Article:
To supply the pots with precise amounts of each component (SS, silica sand, B1, B1D, B2, and B2D), their moisture content was measured with HB43-S Moisture Analyzer (Mettler Toledo, Gießen, Germany). Soil analyses of the potting components before mixing with each other (Table 2, left) and of the potting mixtures of the control and each treatment (B1, B1D, B2, and B2D) at the beginning of the experiment (before seed germination, T0) as well as the end (Tf) after 58 days (Table 2, center and on the right, respectively), were performed according to the procedures applied by LUFA NRW, Landwirtschaftskammer Nordrhein-Westfalen (VDLUFA, 1991).

Plant Growth and Phenotyping

Three seeds of uniform size and weight per pot were put to germinate directly in the soil substrate, suitably spaced from each other 3 cm below the air-soil interface. After 3 days, only one plantlet per pot was kept, and the other two were removed. The pots were irrigated three times per week to keep soil moisture level around a 50% water holding capacity throughout the experiment with an automated watering system. Pot water loss due to plant evapotranspiration (ET) was recorded by weighing the pots before watering, ensuring equal soil moisture levels. Given the relatively high percentage of humidity inside the ScreenHouse, we assumed that most of the weighed water loss was related to plant transpiration.

The imaging station in the ScreenHouse allowed capturing data on leaf area expansion, inferred from the number of green pixels in the image belonging to the plant (Golzarian et al., 2011). The phenotyping system allowed repeated measures over the projected shoot system area (PSSA). In correspondence with the ET measures, each plant was imaged (RGB) for dynamic estimation of shoot biomass (as projected shoot system area, PSSA) three times per week. After each measurement, the pots were automatically re-randomized with a laser positioning system and a robotic crane to avoid any systematic bias from position within the greenhouse. The subsequent imaging processing pipeline has been described earlier by Nakhforoosh et al. (2016). Plant growth was evaluated in the early vegetative stage during the course of the experiment for a total of 58 days until the experiment was stopped (Figure 1G).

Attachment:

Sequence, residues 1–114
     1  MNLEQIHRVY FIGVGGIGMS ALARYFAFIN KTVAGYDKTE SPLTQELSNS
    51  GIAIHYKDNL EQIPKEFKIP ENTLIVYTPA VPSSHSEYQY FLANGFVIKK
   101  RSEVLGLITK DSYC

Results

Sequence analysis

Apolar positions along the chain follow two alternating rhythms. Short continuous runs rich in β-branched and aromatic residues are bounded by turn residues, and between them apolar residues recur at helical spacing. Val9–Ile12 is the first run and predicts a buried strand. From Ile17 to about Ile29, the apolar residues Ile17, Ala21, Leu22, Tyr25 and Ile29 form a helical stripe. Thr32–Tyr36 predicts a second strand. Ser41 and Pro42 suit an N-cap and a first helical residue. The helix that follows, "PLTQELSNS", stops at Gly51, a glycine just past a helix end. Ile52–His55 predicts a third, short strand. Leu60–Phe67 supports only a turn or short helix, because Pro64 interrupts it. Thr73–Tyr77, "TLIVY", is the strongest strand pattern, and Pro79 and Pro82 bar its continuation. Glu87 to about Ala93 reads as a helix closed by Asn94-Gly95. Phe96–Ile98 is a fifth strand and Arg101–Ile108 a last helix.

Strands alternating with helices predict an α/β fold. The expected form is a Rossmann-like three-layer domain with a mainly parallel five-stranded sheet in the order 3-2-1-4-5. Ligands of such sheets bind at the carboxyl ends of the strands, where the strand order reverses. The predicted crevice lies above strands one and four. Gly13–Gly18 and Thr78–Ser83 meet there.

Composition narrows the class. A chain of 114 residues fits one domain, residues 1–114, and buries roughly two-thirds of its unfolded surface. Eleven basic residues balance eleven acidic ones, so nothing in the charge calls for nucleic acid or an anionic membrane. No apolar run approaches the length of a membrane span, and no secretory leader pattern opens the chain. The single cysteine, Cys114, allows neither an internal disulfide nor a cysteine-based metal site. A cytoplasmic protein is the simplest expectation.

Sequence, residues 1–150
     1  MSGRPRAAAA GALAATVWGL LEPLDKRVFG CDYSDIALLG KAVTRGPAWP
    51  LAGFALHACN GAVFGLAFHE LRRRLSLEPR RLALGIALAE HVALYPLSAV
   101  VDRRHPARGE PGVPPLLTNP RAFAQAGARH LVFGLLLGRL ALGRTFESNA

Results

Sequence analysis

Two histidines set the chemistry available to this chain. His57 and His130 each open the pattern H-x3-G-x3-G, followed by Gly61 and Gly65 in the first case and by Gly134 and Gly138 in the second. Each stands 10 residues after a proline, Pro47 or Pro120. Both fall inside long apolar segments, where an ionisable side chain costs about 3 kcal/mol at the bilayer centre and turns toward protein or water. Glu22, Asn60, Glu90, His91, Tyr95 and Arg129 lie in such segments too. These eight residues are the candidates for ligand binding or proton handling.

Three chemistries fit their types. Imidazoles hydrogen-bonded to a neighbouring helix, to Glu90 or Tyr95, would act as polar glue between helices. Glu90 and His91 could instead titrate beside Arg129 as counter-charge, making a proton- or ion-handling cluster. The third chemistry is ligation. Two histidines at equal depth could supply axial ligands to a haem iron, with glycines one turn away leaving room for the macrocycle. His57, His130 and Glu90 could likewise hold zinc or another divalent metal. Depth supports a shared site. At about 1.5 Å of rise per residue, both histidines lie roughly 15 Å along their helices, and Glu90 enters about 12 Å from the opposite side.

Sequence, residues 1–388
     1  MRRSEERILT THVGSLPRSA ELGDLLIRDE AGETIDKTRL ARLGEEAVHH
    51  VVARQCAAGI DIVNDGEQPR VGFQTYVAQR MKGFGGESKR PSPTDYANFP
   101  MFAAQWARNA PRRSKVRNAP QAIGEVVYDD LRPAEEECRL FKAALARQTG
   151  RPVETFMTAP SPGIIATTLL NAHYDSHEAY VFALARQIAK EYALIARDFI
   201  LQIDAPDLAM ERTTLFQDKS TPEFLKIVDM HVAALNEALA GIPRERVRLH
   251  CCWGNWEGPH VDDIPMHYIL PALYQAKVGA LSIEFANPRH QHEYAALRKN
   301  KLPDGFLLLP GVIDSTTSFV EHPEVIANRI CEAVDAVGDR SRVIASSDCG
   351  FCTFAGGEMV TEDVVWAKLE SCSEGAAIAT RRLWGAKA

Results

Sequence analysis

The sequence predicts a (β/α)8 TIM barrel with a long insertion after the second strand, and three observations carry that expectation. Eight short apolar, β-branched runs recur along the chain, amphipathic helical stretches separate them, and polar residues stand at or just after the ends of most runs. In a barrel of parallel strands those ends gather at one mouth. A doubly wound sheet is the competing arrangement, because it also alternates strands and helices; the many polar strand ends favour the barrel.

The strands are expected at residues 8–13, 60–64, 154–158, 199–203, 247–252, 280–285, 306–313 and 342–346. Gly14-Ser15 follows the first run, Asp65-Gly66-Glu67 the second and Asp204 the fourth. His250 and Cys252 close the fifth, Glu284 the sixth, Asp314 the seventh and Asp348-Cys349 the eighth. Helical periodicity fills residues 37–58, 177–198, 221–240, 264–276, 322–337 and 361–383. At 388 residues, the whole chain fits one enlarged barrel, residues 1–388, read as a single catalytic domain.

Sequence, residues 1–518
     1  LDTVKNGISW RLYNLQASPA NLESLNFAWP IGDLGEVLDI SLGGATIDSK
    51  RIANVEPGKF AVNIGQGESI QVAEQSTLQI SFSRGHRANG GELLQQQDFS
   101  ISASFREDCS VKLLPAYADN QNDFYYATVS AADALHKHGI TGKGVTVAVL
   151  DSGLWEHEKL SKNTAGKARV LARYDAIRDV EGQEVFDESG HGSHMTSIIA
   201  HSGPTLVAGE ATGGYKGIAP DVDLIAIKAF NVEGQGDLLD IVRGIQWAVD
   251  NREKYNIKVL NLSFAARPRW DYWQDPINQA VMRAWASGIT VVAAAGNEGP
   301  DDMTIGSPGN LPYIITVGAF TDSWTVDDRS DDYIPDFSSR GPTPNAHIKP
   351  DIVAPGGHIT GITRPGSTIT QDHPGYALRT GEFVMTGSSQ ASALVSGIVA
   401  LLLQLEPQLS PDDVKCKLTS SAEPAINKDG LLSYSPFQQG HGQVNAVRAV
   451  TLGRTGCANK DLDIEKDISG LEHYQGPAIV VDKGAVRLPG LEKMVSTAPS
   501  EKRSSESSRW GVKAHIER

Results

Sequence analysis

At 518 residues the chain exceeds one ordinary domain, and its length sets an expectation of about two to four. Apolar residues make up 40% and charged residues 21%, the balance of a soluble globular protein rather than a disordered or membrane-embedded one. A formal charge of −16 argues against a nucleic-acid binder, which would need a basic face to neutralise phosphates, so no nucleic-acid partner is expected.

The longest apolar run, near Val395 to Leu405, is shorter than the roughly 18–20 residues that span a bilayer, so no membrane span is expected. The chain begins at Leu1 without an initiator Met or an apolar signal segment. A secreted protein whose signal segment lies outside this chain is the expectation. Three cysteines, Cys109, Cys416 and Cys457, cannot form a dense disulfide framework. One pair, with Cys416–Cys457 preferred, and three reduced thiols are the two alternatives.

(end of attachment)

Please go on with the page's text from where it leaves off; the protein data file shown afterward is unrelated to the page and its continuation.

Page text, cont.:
Additional plant traits were measured to aid plant behavior evaluation (Table 3). Plant phenological developmental stage was observed throughout the experiment and evaluated by BBCH-scale (Meier, 1997), acronym for Biologische Bundesanstalt für Land- und Forstwirtschaft, Bundessortenamt und CHemische Industrie, 7 weeks after seed germination and at the end of the experiment. At the end of the experiment (Tf), the number of tillers per plant (tiller number, TN), number of spikes per plant (spike number, SN), spike length (SL), and plant height (PH) from the base of the stem up to the end of the emerging spike were measured. After that, aboveground tissue was excised, and shoot fresh weight (FW) was annotated. Plant shoot area (PSALicor) was also measured with a LI-3100C Area Meter (LI-COR, Inc., Bad Homburg, Germany), and then shoot dry weight (DW) was finally recorded after 48 h of drying at 75°C. Actual water content (WC) of the aboveground plant body was calculated by the formula WC = 100*(FW-DW)/FW.


Table 3. List of plant phenotypic traits measured.

Statistical Analyses